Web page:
When we are looking to increase our cashflow and retain customers into our shops, customer experience, and how we treat a person who enters our premises, is the key to keep them coming back, and stopping them purchasing on-line.
# 1: The Crust Bakery. Faversham
I walked in and was greeted with a welcome. I ordered my cheese roll and my sausage roll.
The lady asked if I would like a piece of cake with my order. I declined!
She asked if I would like a drink with my order – I declined!
What a fabulous and subtle upsell and done with such a lovely demeanour.
It put a smile on my face, and while I didn’t purchase the upsell offerings, it’s in the back of my mind, so that next time I make a purchase I may very well be tempted, because it’s in my sub-conscious.
I really enjoyed the casual and friendly banter. It made giving my money really easy and a memorable experience.
This was great sales skills, done with a lovely demeanour, and a pleasure to purchase from this shop – which I have done often.
#2: A retailer in town. (Faversham)
I walked in and the proprietor was at the till.
They didn’t look up or greet me.
I was in the shop for about 10 minutes. At no stage was I asked, or offered any help.
I could get this same experience on-line! (There was no tangible difference)
A young lad, possibly about 10 years of age, came in and asked the proprietor if a dog was allowed in the shop. The proprietor looked up and with a gruff voice, said ‘Yep’ and then looked down again at what they were doing. No further interaction.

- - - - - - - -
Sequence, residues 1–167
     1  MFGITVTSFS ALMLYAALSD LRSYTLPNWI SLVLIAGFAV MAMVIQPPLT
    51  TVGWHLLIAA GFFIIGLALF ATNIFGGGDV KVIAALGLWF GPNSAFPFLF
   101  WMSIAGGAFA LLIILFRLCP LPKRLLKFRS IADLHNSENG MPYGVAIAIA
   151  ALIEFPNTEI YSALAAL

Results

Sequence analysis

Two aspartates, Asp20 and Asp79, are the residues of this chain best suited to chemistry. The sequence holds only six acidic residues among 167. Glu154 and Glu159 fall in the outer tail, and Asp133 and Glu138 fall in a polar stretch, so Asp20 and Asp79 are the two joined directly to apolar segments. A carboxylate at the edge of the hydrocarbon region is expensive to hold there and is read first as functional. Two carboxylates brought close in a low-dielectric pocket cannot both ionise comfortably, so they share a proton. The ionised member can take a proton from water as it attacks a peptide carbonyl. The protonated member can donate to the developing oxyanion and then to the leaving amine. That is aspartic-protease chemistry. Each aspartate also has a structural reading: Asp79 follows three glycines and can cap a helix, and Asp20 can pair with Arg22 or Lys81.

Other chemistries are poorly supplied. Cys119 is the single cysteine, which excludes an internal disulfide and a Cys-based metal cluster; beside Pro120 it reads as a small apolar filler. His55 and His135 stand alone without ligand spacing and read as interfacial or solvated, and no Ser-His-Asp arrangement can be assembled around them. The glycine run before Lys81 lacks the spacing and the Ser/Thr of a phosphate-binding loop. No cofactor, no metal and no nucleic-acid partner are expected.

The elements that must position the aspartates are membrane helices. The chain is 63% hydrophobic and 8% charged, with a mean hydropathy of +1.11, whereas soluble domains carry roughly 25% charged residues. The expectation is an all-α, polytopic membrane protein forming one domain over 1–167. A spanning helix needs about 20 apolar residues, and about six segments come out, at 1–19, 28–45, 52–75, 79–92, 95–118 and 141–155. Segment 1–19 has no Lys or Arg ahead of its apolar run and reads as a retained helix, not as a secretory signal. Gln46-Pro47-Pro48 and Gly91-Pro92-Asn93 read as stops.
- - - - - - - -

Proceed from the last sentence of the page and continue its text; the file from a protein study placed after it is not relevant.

I looked at the young lads face. He hesitated as to whether he should continue coming into the shop or not. I felt sorry for him. It will have an effect on his sales expectation.
I then left, still without any acknowledgement of my presence.
What I saw in the shop, I can buy on-line. I had money in my pocket ready to make a purchase. I chose not to.
Who knows what may have been going on in this Business owners mind. However, these are two contrasting experiences.
- If we want to keep customers coming into our shop and retain their custom, so they don’t buy on-line, we need to treat them with respect.
- Acknowledge their presence and greet them – even if they don’t buy. (because they just may come back if treated respectfully)
- Offer genuine help
- Understand it is about them, the customer – not us. They have a choice – we don’t.
- Give the customer an outstanding experience, so we are memorable, and they want to return.
- If we as Business owners are having a bad day, the customer doesn’t know that, nor do they need to know. It’s up to us to change our demeanour, however hard that may be
- We can make excuses, or we can change our behaviour – it’s up to us and what we want our business and ourselves to be remembered for.
Contrast – when we can see and feel the difference.